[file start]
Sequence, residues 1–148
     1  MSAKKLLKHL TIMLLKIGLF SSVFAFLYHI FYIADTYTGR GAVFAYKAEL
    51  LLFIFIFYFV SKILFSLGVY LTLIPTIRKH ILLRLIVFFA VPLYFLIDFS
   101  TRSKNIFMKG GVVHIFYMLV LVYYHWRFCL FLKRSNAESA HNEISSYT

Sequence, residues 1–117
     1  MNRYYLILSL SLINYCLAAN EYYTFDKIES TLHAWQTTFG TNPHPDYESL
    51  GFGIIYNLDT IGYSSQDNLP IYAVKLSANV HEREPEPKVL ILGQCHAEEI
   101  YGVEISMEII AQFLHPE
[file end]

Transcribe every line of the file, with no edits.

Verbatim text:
Sequence, residues 1–148
     1  MSAKKLLKHL TIMLLKIGLF SSVFAFLYHI FYIADTYTGR GAVFAYKAEL
    51  LLFIFIFYFV SKILFSLGVY LTLIPTIRKH ILLRLIVFFA VPLYFLIDFS
   101  TRSKNIFMKG GVVHIFYMLV LVYYHWRFCL FLKRSNAESA HNEISSYT

Sequence, residues 1–117
     1  MNRYYLILSL SLINYCLAAN EYYTFDKIES TLHAWQTTFG TNPHPDYESL
    51  GFGIIYNLDT IGYSSQDNLP IYAVKLSANV HEREPEPKVL ILGQCHAEEI
   101  YGVEISMEII AQFLHPE